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In his Libro de Sogni published in 1564, Lomazzo presents this following imagined conversation between Leonardo da Vinci, representative of modern painting, and Phidias, the artist from Antiquity:
|I bring to your attention the miracles of a Cremonese woman called Sofonisba, who has astonished every prince and wise man in all of Europe by means of her paintings, which are all portraits, so like life they seem to conform to nature itself. Many valiant [professionals] have judged her to have a brush taken from the hand of the divine Titian himself; and now she is deeply appreciated by Philip King of Spain and his wife who lavish the greatest honors on the artist.|
While the vast majority of the known women artists from fifteenth and sixteenth centuries were the daughters of established masters, and they learned to paint within the context of the household economy of the late Medieval and early Renaissance workshop, a significant exception to this rule is Sofonisba Anguissola , born in Cremona, Italy, about 1532. She was the first of seven children of Amilcare Anguissola, a member of the Genoese minor nobility. When Sofonisba was fourteen she was sent by her father along with her sister Elena to study art with Bernardino Campi, a respected religious painter and portraitist in Cremona. Amilcare's intention was not to have his daughters trained to become practicing artists in the trade. Sofonisba never sold a single one of her paintings. Instead Amilcare saw learning to paint was part of the new Humanist education for a woman of high social standing. Baldesar Castiglione in his Book of the Courtier, published in 1528, maps out the education of the lady at court:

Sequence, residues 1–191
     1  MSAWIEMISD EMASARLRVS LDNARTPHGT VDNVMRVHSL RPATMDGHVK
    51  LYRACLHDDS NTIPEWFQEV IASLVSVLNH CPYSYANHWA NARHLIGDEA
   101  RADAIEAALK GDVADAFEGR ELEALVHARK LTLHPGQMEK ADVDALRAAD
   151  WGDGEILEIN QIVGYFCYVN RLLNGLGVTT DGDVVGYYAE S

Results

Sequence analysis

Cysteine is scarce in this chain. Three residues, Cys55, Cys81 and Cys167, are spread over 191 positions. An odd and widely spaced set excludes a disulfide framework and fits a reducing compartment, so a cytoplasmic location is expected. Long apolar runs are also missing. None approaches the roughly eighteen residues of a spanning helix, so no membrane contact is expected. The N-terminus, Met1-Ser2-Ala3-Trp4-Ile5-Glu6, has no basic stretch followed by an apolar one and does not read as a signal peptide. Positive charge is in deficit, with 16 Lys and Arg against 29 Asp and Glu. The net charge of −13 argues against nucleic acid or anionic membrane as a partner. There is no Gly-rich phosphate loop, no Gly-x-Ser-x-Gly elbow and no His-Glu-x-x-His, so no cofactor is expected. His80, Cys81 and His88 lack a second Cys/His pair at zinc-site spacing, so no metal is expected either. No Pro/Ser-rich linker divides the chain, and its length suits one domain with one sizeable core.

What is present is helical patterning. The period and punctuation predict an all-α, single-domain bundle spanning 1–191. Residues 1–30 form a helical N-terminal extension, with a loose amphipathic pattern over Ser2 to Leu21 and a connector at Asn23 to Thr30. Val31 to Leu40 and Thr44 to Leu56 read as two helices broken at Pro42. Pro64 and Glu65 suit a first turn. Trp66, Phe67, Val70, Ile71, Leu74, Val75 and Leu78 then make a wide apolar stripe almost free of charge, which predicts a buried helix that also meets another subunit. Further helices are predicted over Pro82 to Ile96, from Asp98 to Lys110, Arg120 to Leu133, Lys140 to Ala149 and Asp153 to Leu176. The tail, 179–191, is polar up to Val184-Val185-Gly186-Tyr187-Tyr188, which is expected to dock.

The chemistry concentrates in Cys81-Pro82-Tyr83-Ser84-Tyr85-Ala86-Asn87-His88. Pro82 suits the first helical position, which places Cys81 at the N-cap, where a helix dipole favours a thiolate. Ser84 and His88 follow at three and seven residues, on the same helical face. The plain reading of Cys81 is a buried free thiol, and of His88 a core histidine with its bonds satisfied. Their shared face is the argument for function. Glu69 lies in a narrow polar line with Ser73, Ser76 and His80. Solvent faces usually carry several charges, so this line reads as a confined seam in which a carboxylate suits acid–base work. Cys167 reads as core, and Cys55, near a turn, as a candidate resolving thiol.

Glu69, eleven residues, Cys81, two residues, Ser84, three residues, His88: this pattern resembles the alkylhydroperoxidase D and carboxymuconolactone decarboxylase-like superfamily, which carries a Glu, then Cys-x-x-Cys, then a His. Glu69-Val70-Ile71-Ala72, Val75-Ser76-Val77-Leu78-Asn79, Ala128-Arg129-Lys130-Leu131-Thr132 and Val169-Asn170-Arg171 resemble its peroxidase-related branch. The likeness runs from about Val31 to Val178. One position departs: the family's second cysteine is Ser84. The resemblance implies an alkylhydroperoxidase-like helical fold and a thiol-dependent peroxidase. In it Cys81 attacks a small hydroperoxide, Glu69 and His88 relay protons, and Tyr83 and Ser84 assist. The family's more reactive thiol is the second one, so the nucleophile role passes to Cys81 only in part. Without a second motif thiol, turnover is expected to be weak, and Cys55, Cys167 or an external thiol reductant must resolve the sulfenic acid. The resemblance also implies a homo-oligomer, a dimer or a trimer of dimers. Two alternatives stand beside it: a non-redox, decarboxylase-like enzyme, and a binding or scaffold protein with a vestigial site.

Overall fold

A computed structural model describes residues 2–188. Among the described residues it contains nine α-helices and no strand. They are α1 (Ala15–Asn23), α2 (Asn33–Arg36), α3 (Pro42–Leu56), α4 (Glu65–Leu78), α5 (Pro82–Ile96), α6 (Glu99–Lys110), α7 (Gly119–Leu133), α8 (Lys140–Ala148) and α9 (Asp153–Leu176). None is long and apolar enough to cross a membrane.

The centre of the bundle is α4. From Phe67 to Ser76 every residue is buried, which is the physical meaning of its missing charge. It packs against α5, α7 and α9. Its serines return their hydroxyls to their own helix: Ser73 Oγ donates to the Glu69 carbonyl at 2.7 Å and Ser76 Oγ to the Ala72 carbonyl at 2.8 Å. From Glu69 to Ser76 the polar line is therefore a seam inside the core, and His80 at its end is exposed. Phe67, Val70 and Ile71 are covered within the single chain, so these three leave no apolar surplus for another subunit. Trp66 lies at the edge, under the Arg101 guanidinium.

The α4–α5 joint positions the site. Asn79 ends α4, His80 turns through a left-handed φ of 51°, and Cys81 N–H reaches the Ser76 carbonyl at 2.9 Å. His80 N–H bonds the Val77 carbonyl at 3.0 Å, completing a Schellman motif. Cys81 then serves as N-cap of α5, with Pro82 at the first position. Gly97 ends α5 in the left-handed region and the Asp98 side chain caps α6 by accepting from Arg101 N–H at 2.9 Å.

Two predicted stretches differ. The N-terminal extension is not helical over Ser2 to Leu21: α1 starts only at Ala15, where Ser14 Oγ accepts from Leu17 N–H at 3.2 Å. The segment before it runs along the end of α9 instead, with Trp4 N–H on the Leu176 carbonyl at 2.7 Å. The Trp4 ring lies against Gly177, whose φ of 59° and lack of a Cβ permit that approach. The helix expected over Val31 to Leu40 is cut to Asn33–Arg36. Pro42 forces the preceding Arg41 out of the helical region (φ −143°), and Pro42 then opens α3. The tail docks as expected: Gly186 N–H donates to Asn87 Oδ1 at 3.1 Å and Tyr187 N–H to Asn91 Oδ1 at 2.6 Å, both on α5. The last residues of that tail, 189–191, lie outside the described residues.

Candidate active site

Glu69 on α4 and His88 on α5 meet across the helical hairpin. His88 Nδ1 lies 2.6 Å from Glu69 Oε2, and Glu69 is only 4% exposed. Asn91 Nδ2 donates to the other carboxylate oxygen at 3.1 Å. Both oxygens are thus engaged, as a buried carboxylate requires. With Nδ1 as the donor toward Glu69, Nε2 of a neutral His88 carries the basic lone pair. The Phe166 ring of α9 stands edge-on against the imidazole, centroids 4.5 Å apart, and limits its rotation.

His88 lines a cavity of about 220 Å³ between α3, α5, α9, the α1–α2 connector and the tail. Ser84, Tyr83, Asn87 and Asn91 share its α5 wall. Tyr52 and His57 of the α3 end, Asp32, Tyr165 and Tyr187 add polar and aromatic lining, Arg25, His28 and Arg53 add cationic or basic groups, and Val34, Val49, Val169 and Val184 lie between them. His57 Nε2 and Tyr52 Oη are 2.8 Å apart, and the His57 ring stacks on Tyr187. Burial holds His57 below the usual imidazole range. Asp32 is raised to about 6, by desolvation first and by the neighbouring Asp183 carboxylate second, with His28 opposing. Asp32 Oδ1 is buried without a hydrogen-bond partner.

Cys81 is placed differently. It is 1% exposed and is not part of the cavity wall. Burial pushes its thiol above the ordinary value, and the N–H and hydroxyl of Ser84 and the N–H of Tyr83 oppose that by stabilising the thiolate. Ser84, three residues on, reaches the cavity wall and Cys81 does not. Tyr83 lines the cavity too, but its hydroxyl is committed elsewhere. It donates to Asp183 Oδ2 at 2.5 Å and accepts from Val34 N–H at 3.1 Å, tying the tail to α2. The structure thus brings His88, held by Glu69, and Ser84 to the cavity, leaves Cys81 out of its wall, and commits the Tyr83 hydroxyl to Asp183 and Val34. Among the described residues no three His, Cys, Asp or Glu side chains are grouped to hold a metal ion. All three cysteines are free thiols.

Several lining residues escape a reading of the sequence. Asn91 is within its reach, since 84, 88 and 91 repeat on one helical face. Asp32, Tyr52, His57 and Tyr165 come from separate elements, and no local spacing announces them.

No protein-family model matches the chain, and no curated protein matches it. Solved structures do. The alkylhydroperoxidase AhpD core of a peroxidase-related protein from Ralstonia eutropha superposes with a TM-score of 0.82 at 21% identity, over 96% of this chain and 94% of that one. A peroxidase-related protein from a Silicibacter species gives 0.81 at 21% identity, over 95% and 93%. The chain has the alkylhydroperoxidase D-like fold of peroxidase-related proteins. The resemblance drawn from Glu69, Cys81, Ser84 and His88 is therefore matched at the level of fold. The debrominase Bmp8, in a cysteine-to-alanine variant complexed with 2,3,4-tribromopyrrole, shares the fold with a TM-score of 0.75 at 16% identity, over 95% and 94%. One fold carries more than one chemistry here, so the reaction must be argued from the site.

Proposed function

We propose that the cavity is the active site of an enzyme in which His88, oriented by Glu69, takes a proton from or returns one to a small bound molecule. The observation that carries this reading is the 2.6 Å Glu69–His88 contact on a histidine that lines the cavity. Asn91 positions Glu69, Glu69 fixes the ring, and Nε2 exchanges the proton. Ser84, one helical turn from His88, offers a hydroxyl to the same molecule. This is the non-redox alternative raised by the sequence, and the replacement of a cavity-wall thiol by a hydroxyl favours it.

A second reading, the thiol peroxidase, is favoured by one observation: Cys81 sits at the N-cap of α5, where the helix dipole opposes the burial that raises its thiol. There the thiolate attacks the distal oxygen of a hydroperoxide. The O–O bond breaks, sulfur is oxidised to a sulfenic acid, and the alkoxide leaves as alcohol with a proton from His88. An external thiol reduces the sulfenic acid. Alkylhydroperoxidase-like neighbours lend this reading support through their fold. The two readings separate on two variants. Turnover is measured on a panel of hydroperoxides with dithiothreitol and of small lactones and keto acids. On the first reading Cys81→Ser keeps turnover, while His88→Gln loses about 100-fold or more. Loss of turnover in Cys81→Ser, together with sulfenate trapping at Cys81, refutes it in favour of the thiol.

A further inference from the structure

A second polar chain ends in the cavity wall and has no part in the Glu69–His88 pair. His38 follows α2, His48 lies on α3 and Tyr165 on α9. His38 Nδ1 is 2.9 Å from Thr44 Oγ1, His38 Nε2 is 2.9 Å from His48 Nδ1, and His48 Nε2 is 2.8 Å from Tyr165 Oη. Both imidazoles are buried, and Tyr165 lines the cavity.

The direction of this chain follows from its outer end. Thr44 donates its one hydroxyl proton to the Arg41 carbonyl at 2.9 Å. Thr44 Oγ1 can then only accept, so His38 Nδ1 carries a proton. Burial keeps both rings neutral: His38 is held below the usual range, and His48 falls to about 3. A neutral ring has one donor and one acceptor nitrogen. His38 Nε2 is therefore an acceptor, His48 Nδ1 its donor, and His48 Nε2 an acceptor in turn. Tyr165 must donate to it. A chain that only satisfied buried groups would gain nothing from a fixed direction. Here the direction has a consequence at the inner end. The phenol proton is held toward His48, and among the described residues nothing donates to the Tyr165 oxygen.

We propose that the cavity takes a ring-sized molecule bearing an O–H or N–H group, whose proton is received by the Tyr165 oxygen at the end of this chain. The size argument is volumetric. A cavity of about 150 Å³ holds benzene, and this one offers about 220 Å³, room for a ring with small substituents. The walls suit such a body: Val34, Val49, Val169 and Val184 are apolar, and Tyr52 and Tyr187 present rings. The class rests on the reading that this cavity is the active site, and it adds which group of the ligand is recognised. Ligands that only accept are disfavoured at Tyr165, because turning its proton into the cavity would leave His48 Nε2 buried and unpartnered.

|I want this [court lady] to be competent in letters, music, and painting, to know how to dance and be merry, all performed with ...discreta modestia ... being most graceful in conversing, laughing, playing games, creating mottoes, and in everything she undertakes.|
Sofonisba's earliest paintings were self-portraits that testify to her discreta modestia. Sofonisba constructs herself as a woman of virtue. She identifies herself in a number of her paintings as "virgo." Female virtue was founded in chastity. Female virtue was also understood to include obedience, modesty, and silence. Her demeanor and simple dress, usually a near black jacket with a white lace collar, conform to these aspects of virtue. The self-portraits also attest to her competency in "letters, music, and painting." In one self-portrait Sofonisba represents herself holding on to a small book which bears the following inscription: "Sophonisba Angusola virgo seipsam fecit 1554" [Sophonisba Anguissola, a virgin, made this herself in 1554] ." The small size of the book suggests a devotional book or a book of love sonnets like those of Petrarch. Either would have been appropriate reading material for a woman of her station. Her musical training is attested to by the portrait of her playing the clavichord or virginal. Her chastity and obedience is attested to by the appearance of the governess on the left side of the composition. This image presents a stark contrast to the images of the procuress by artists like Dirck van Baburen as exemplified by a painting in Boston.